You are on page 1of 5

FILED

United States Court of Appeals


Tenth Circuit

September 29, 2009


UNITED STATES COURT OF APPEALS
Elisabeth A. Shumaker
FOR THE TENTH CIRCUIT

Clerk of Court

BECKY GARCIA;
ESTAVAN B. GARCIA,
Debtors.

PHILIP J. MONTOYA, Trustee,

No. 08-2126
(D.C. No. 6:07-CV-00543-BB-RHS)
(D. N.M.)

Plaintiff-Appellant,
v.
ESTHER J. GARCIA,
Defendant-Appellee.

ORDER AND JUDGMENT *

Before LUCERO, BALDOCK, and MURPHY, Circuit Judges.

This appeal requires us to determine whether to apply this courts firm


waiver rule, under which the failure to make timely objection to the

After examining the briefs and appellate record, this panel has determined
unanimously that oral argument would not materially assist the determination of
this appeal. See Fed. R. App. P. 34(a)(2); 10th Cir. R. 34.1(G). The case is
therefore ordered submitted without oral argument. This order and judgment is
not binding precedent, except under the doctrines of law of the case, res judicata,
and collateral estoppel. It may be cited, however, for its persuasive value
consistent with Fed. R. App. P. 32.1 and 10th Cir. R. 32.1.

magistrates findings or recommendations waives appellate review of both factual


and legal questions. Moore v. United States, 950 F.2d 656, 659 (10th Cir. 1991).
After a trial on the merits, the bankruptcy court ruled that a transfer of
certain real property was not a preferential or a fraudulent transfer. Bankruptcy
trustee Philip J. Montoya appealed. At the election of the defendant-appellee, the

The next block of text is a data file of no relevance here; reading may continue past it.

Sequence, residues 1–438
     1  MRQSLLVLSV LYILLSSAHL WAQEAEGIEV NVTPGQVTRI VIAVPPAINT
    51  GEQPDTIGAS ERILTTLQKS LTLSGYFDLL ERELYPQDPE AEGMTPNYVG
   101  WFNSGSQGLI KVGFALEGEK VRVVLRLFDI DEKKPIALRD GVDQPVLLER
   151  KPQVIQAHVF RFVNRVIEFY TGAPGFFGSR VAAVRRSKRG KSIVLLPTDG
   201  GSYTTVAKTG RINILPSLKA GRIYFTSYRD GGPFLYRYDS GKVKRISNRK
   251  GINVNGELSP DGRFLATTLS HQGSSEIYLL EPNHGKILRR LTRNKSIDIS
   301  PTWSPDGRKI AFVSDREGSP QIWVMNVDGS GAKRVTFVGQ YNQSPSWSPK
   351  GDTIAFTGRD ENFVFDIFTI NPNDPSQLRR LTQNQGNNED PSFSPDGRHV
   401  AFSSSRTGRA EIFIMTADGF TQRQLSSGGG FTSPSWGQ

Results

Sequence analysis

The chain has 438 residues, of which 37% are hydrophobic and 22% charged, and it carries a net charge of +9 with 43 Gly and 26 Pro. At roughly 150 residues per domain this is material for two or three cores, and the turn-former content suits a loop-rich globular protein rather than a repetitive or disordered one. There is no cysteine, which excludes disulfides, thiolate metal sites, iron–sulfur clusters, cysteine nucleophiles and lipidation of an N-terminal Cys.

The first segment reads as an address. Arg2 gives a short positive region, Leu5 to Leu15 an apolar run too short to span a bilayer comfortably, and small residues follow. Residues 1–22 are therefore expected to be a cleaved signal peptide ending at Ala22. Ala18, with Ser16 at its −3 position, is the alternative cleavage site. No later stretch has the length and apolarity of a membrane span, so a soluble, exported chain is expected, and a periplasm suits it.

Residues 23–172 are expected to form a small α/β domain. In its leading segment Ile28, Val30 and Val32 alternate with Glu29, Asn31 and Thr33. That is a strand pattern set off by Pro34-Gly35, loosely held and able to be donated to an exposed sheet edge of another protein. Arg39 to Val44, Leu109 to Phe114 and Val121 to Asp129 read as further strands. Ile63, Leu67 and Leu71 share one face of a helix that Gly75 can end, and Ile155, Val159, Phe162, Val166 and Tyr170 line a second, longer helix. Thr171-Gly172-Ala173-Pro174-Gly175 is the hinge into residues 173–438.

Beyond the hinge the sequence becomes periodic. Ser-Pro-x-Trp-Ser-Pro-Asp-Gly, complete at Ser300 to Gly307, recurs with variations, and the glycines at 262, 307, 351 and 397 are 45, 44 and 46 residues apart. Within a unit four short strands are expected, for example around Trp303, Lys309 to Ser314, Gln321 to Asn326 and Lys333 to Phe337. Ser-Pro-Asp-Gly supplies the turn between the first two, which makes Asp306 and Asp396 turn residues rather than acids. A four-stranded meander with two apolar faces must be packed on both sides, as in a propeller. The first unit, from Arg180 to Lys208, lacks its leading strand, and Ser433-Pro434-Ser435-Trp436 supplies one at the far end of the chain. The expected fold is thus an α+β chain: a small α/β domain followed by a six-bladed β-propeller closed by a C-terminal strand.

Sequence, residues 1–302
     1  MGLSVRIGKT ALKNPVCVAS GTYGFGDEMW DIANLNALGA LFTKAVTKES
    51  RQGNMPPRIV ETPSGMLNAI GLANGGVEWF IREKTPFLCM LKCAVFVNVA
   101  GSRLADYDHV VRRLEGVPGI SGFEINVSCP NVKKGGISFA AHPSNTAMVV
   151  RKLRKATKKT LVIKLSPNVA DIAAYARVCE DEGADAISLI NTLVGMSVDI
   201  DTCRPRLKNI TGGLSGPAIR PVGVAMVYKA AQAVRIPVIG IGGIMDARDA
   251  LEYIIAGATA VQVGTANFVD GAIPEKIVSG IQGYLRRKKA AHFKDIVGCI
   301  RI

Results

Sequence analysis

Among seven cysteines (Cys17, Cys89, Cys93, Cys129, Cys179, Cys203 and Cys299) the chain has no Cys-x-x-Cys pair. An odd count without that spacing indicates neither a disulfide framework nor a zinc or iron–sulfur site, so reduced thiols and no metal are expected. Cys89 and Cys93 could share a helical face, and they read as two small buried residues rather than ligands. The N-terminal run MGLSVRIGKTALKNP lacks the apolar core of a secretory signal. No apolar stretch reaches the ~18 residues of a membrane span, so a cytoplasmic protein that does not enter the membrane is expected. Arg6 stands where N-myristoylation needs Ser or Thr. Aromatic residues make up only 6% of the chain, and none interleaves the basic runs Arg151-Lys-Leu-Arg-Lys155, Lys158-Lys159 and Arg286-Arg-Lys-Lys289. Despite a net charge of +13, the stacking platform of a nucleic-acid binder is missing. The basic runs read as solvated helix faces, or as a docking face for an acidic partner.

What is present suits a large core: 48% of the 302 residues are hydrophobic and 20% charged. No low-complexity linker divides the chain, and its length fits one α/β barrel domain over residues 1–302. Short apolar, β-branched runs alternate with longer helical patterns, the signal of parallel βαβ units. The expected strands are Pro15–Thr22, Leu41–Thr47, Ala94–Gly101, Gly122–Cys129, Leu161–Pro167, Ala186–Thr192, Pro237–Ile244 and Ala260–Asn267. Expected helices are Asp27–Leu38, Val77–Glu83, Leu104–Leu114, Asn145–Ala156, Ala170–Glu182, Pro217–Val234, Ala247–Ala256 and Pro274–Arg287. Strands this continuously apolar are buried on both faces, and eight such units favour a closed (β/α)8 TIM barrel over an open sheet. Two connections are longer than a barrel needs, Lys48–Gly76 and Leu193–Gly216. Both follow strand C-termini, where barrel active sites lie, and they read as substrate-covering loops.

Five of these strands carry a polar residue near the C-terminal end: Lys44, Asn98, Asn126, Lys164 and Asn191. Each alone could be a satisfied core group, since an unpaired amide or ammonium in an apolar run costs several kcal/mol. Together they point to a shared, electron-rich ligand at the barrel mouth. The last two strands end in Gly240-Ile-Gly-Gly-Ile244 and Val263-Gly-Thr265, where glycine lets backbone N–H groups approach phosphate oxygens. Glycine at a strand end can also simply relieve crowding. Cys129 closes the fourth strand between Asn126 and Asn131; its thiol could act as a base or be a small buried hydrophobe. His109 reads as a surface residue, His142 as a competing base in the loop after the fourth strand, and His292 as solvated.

appeal went to the district court, rather than to the Tenth Circuit Bankruptcy
Appellate Panel. The magistrate judge issued a report and recommendation that
the district court affirm the decision of the bankruptcy court, but did not inform
the parties that they could file objections, or that a failure to object would waive
appellate review. Mr. Montoya did not object to the report and recommendation.
Noting that no party had filed objections, the district court adopted the report and
recommendation and affirmed the bankruptcy courts decision. Mr. Montoya then
appealed to this court. We issued a show-cause order directing him to brief the
issue of whether or not his failure to object resulted in a waiver of appellate
review and allowing the defendant-appellee to respond if she wished.
Mr. Montoyas show-cause response brief and the waiver issue was referred to
this panel along with the merits briefs.
In his show-cause response, Mr. Montoya complains that the report and
recommendation did not notify the parties that they must file timely objections to
preserve their right to appellate review. He argues that the firm waiver rule
should not be enforced in the absence of such an explicit notification. While we
-2-

have held that the firm waiver rule is inapplicable when pro se litigants are not
given explicit notice of the rule, see id. at 659, we have never extended that
practice to counseled cases. We decline to do so today, because we expect
counsel to know the rules. See Nasious v. Two Unknown B.I.C.E. Agents,
492 F.3d 1158, 1163 n.5 (10th Cir. 2007) ([W]e expect counsel to know the
pleading rules of the road without being given personal notice of them by the